Then, I saw it happen. Samone slowly, almost painfully, got up out of her chair. There was anxiety in her eyes. As she slowly went to the front of the room, I silently said to myself, "Go girl!" She stood there for a moment. I wish I could have spoken a soft supportive "Just do it." She took a deep breath, and shouted the class to order. "Hey, listen up. Let's go over these questions together. For the first question, our community got....."

After an hour of struggling to maintain some resemblance of organized chaos, Samone led the class to reaching a 100% consensus of the answers.

At this moment, the purpose of the exercise is not important. Perhaps that is for later. What Samone achieved is my answer to what it is about teaching that makes me happy.

Samone wrote in her journal, "You could probably tell how nervous I was cuz (sic) my hands were shaky, but I figured since u (sic) told me to just not be shy that I should just get up in front of the class and go for it. And I did. I am so proud of myself...."

I wrote back a simple, "Great job. I knew you could do it. Now, you see you can....Keep on walking."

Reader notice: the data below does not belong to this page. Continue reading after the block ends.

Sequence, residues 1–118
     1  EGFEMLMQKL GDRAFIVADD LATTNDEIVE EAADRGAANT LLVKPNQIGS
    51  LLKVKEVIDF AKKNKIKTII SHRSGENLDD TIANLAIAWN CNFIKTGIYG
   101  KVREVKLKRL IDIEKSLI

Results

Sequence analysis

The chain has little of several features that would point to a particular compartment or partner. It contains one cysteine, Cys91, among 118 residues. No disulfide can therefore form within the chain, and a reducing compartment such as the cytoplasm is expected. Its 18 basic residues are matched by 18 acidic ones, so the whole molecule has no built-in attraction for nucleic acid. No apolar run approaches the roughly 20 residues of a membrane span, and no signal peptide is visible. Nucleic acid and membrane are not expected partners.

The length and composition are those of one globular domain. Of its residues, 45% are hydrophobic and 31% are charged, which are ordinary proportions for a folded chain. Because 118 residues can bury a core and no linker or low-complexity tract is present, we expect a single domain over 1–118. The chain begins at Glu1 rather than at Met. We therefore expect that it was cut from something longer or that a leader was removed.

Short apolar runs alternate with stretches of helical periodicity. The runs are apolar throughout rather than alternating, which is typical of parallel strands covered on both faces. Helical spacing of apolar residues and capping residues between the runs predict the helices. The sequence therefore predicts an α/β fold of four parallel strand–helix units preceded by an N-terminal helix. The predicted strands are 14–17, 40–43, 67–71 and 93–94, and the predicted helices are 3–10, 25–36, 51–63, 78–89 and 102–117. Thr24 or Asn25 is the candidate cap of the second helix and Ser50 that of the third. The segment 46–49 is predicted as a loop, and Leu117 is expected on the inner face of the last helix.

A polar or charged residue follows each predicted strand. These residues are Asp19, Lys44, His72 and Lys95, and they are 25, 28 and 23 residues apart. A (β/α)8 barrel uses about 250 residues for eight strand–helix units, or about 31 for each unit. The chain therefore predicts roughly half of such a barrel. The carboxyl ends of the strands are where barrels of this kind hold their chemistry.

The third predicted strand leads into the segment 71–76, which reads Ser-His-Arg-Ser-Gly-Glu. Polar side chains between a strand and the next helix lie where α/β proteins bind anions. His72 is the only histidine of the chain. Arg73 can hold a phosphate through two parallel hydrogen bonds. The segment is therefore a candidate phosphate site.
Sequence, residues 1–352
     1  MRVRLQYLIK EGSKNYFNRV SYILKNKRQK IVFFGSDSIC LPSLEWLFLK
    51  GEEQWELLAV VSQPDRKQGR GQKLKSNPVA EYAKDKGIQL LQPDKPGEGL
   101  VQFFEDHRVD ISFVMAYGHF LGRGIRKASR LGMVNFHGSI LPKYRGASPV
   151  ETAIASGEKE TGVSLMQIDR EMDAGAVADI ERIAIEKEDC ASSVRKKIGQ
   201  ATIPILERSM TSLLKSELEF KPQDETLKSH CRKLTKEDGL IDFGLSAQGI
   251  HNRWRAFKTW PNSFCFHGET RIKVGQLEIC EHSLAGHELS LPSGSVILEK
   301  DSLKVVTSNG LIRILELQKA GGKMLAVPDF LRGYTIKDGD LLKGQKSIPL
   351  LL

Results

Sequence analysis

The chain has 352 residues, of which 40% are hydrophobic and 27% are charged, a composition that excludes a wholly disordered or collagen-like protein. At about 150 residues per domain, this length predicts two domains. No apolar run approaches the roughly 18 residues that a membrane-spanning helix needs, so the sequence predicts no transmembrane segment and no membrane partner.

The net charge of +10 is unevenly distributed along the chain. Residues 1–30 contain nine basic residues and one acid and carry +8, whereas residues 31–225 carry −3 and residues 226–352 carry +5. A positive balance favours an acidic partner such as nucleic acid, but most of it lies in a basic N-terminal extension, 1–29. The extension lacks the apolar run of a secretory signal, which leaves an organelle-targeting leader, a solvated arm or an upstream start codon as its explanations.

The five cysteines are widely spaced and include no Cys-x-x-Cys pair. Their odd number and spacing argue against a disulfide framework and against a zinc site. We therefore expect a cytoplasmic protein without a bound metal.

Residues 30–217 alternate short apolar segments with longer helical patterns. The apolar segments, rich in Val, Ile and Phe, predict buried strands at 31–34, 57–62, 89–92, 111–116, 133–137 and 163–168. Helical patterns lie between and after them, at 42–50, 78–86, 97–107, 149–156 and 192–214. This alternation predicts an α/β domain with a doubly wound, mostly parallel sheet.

So, as an answer the first of this future teacher's question, I wrote her:

You ask what it is about teaching that makes me happy. Well, I have my own yardstick.

It's for me and only for me to define. I don't allow others to define happiness for me. If I did, I wouldn't truly experience it; if I let them lay out the path, I wouldn't be following my road; if I allowed others to dictate what my dreams should be, I'd never reach them.

The only way to reach for my dreams, to follow my vision, and to achieve happiness, as I define it, for myself is to choose what has real meaning and purpose, and significance, for me as a teacher.

You want to know what, then, tickles the sweet spot in the deep part of my soul? Let's see. Being significant, being effective, changing things, learning new things, having a 'let's see what happens approach, being imaginative and creative, having the courage to risk changing, influencing things, being flexible, being adaptable, making things happen, making a positive and lasting difference, being authentic, and, most important, being able to be in the service of others.